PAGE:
Let’s assume that you charge on average $2,000 per response, which for this technology would likely be a decent average, although many at large firms would likely charge even more. If your case is “average” that means your client who must deal with Patent Examiner O is going to have a less than 1 in 4 chance at a patent issuance after waiting 8 years and paying you over $10,000 to respond to office actions. $20,000 for responses alone if you wind up in a situation more similar to a “most office actions” case. Armed with this information do you suppose at least some of your clients might want to pay you to prepare and file either a continuation or continuation-in-part application along with the $4,800 Track 1 acceleration fee? I suspect that alternative would be appealing to at least some, perhaps many.
Now let me talk to you about the selfish side of law firm economics, after all we are in business like everyone else and need to make a living. I don’t begrudge anyone making a buck and try to make a few bucks myself. Since all patent attorneys and patent agents have to sell is their time, and since there are only so many hours in the day, we need to be efficient. So let’s cut to the chase — will PatentCore™ help you make money? I think the answer is unequivocally YES.
Most of us likely charge by the hour, and either accept a retainer up front or have clients that routinely and regularly pay their invoices on time for work performed. That means that you either have client funds in your trust account or clients that have given you a good feeling about their ability and willingness to pay on time for services provided. So you don’t have to worry about not getting paid for legitimate services.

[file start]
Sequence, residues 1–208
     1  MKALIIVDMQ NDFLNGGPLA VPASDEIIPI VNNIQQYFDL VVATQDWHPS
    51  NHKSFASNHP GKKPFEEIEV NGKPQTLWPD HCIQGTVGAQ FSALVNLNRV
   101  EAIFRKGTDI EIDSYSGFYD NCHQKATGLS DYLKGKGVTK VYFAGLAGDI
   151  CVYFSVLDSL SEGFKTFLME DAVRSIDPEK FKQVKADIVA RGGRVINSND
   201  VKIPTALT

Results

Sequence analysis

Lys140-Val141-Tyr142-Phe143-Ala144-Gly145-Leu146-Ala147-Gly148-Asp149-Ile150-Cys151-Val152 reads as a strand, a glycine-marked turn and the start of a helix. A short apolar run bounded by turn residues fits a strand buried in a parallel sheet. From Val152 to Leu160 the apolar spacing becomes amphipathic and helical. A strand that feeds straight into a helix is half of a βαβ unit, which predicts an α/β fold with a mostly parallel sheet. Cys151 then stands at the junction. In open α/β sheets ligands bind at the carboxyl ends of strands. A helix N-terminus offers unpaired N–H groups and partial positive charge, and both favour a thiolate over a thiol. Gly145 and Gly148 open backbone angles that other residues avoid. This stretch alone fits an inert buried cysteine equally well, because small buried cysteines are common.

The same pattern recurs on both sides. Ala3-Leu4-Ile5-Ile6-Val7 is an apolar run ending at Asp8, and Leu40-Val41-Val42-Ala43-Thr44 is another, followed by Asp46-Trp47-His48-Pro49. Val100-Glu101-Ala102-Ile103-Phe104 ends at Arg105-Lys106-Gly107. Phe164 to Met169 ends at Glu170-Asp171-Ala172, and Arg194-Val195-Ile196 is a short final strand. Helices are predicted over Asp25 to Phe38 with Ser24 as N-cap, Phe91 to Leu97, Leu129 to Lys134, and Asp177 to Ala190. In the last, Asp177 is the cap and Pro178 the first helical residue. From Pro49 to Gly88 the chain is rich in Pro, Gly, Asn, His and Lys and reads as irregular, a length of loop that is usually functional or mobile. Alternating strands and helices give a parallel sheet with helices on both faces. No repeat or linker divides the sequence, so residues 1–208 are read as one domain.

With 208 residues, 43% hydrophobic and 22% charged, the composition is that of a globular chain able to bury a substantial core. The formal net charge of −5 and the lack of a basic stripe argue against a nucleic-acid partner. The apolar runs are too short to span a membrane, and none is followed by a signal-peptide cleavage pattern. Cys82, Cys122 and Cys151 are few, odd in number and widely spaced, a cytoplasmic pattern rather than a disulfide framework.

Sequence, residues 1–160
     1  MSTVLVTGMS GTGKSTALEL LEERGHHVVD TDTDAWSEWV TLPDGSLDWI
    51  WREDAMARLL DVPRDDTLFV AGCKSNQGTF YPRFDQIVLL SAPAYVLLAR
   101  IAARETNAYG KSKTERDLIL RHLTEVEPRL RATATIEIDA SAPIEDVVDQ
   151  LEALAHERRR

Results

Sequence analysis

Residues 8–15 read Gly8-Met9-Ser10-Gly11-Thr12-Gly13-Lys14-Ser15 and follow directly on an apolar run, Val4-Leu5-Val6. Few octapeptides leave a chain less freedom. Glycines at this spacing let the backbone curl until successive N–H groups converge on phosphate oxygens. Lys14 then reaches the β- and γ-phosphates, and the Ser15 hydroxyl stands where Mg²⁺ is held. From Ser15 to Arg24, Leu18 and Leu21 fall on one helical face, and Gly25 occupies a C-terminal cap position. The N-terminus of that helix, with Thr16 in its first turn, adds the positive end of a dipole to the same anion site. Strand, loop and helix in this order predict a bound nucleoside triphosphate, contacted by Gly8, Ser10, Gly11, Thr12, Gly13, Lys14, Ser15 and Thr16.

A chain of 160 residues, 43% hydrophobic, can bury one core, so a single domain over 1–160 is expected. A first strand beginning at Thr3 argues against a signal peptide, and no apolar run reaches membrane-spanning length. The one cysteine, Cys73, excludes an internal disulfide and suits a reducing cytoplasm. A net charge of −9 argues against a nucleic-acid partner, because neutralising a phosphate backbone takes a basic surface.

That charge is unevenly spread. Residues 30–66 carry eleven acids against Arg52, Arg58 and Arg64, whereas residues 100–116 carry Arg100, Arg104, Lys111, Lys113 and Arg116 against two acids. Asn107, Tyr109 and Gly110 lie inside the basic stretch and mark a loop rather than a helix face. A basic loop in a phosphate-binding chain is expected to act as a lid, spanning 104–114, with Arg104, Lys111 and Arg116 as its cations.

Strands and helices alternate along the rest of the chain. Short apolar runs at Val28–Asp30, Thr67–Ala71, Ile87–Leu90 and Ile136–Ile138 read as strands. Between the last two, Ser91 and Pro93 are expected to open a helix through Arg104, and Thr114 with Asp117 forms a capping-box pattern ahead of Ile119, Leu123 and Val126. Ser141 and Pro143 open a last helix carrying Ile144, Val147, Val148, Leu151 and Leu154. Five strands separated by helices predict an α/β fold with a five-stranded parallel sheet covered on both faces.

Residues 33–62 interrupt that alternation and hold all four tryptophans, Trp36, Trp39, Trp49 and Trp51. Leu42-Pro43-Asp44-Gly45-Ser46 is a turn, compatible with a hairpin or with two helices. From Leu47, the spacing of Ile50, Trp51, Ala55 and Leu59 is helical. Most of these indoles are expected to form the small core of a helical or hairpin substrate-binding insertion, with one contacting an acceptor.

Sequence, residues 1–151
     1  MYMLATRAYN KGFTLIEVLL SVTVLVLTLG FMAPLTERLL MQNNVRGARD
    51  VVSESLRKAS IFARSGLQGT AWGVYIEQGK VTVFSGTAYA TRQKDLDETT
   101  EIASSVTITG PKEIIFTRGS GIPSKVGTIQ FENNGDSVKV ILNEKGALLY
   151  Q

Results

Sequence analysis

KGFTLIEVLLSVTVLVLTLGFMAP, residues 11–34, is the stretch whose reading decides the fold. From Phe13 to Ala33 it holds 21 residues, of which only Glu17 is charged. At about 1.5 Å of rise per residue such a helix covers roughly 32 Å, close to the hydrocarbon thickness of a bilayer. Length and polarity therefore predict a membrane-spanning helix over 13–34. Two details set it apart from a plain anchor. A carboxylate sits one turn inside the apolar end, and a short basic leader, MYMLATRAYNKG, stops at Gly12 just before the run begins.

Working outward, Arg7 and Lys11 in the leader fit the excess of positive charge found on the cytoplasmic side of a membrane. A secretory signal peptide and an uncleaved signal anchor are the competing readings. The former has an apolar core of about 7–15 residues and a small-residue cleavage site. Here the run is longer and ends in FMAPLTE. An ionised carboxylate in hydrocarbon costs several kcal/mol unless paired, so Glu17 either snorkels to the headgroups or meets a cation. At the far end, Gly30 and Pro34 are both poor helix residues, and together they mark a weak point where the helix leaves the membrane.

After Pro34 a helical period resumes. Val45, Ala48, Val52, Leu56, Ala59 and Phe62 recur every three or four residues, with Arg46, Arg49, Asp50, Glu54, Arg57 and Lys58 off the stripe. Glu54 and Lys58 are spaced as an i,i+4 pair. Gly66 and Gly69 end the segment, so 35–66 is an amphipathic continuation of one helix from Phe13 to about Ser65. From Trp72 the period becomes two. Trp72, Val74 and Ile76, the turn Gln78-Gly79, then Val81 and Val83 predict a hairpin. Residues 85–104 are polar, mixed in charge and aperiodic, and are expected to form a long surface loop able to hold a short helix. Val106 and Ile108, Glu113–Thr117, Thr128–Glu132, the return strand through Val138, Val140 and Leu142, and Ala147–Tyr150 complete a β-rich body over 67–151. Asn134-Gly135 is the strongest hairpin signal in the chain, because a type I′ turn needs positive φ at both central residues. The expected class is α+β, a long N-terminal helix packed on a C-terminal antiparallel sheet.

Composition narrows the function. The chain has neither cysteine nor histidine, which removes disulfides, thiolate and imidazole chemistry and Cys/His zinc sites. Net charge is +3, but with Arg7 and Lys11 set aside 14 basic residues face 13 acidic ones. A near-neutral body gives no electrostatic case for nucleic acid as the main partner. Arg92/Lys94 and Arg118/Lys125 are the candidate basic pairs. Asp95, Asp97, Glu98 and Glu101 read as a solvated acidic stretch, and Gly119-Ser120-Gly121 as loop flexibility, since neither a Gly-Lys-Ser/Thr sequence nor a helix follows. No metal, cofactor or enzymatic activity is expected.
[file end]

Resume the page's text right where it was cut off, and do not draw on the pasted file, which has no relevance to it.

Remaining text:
Many, if not most, practitioners will use receipt of communications from the Patent Office as an opportunity to reach out to clients. At the earliest stages, once you obtain word from the Patent Office about which Art Unit has the application and which patent examiner has been assigned, run a PatentCore™ search to uncover information about that particular examiner and the Art Unit. In the letter you will send to the client with the USPTO communication you can add any strategy recommendations you think the client should consider pursuing, perhaps suggesting it is a good idea to schedule a telephone conference. One letter alone, which will include critical information for the client to consider, internalize and act upon, will more than cover the monthly subscription price.
If you integrate PatentCore™ into your practice on a routine and regular basis you will almost certainly pick up additional work from clients. You will also be easily capable of setting client expectations, which is something that even the more aware and experienced among us can sometimes struggle with. The ability to appropriately setclient expectations in terms of time and likely fees after filing makes the system worthwhile in and of itself. Clients hate surprises and uncertainty.- - - - - - - - - -
For information on this and related topics please see these archives:
Posted in: Gene Quinn, IP News, IPWatchdog.com Articles, Patents, USPTO
About the Author
Gene Quinn is a Patent Attorney and the founder of the popular blog IPWatchdog.com, which has for three of the last four years (i.e., 2010, 2012 and 2103) been recognized as the top intellectual property blog by the American Bar Association. He is also a principal lecturer in the PLI Patent Bar Review Course. As an electrical engineer with a computer engineering focus his specialty is electronic and computer devices, Internet applications, software and business methods.